Many luxury cars today come with a valet key. It is a special key you give the parking attendant and unlike your regular key, will not allow the car to drive more than a mile or two. Some valet keys will not open the trunk, while others will block access to your onboard cell phone address book. Regardless of what restrictions the valet key imposes, the idea is very clever. You give someone limited access to your car with a special key, while using your regular key to unlock everything.
Our new React Native library, , allows you to securely communicate with OAuth 2.0 and OpenID Connect. It bridges existing native authentication implementations for iOS and Android by OpenID and benefits from the same security enhancements.
But why did we bother? What’s so tricky about OAuth on mobile devices? The rest of this article will give you a brief overview of OAuth and the additional complications it brings to mobile devices.
The difference between OAuth and OpenID
The lines seem blurred between and , as they are frequently used together and have some common authors. To clarify: OpenID allows you to use an existing account to sign in to multiple websites without needing to create new passwords. Anyone can register to be an OpenID provider. This is how the “log in with Google/Facebook/Github” buttons have come about. These companies have registered to be OpenID providers and allow other websites to authenticate through them. OAuth, on the other hand, is an authorization protocol that dictates the exact API of the authorization server, how and when tokens get exchanged, and what security measures need to be taken to mitigate risks of malicious agents hijacking tokens.
OAuth: the 2 minute overview
Imagine you want to log into Medium using your Google account. We know that Google is an OpenID provider that implements the OAuth2 spec. How does that workflow work? Our example has 4 characters:
- Client (Medium) - the third party application that would like access to a user’s account. It needs permission in order to do so
- The Resource Server (Google API) - the API server used to access the user’s information
- The Authorization Server (Google UI) - the server that presents the interface where the user approves or denies the request
- The Resource Owner (you) - the person that is giving access to some portion of their account
Step 0 (only done once): a developer registers the app with the service
A Medium developer would have had to register the application on Google. That would include registering basic information such as application name, website, a logo, etc. In addition, they must register a redirect URI to be used for redirecting users.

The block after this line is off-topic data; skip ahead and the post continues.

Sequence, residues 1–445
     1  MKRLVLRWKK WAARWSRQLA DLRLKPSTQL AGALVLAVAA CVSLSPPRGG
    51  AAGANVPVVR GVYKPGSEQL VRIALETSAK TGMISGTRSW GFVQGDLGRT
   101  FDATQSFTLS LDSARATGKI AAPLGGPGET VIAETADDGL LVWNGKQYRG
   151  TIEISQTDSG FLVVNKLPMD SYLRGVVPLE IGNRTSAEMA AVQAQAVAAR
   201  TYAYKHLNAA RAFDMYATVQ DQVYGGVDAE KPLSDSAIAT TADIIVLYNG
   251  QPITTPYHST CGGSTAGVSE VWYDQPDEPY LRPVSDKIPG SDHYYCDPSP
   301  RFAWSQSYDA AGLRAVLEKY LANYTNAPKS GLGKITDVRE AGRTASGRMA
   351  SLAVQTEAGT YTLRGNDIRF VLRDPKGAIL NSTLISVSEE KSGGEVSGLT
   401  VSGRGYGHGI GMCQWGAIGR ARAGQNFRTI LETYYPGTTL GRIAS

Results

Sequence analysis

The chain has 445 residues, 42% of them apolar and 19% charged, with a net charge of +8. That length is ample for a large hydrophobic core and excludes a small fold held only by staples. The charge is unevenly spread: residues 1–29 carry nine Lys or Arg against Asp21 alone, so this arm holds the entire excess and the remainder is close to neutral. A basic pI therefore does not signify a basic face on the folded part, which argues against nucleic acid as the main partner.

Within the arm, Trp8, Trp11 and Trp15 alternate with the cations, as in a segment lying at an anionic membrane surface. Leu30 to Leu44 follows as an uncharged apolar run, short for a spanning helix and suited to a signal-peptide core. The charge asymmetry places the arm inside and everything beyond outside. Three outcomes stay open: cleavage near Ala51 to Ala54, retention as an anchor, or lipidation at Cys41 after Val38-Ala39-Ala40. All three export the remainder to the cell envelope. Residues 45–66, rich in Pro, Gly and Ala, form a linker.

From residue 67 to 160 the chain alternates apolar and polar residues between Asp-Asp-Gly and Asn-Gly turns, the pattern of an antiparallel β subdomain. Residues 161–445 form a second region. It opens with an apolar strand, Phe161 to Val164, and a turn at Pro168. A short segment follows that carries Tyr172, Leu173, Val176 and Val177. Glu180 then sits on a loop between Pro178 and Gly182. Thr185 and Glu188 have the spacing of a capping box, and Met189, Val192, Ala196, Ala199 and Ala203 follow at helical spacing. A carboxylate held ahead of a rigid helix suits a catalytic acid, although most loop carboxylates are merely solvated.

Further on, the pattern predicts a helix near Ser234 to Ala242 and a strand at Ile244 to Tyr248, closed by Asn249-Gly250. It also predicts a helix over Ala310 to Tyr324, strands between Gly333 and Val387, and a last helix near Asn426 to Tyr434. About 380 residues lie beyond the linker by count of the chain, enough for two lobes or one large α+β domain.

Step 1: the user clicks on the “log in with Google” button
The user will be redirected to a Google-hosted page and prompted to log in. The request includes:
- Client ID - received from Google after setting up Step 0
- Redirect URI - the URI back to Medium
- Scope - how much of the user’s information the website would like, e.g. email
Step 2: The user is redirected back to Medium
After a successful authentication, the user is redirected back to Medium using the code.
Step 3: The token is requested using the auth code
Once the client had verified that the code received is authentic, it can make the request to exchange the auth code for the auth token.
Step 4: The auth server returns an access token
The auth server will verify this request and return the access token as well as a refresh token and expiry date when applicable.
Native Apps and PKCE
The second step of our authentication flow above involves linking back to our application with an auth code. This is a problem for native applications because the nature of how they are distributed through public stores prevents individual instances of applications from having unique (or secret) credentials. That means that it is impossible to guarantee that linking back into a native app will be caught by the application intended. Android prompts the user to choose between multiple apps claiming the same scheme, but iOS does not. If a malicious application gets itself registered as a handler of those URLs, they could intercept the handoff of the authorization code.
Since we cannot guarantee that the auth code is received by the correct application, the security problem needs to be handled elsewhere. to the rescue! PKCE (pronounced Pixie, believe it or not), or Proof Key for Code Exchange, is a spec that is designed to mitigate exactly this risk by preventing the malicious application, having already gotten hold of the auth token, from exchanging it for a more substantial token.
This works exactly as the auth flow described above, but with an additional parameter added to certain messages. When the native application first loads the login page in the browser, it also generates a
code_verifier string and passes that as a parameter on the URL. The Authorization Server stores away this string before returning the code back to the native application. When the native application then exchanges the code for the access token, it will include the
code_verifier string on that call. If the
code_verifier is missing or doesn’t match the previously recorded one, the Authorization Server will not return the access token. So, even if a malicious application is able to obtain a code, without the corresponding
code_verifier it will be unable to turn that code into an access token, and thus unable to access the business or personal data accessed through the APIs.
OAuth2 and React Native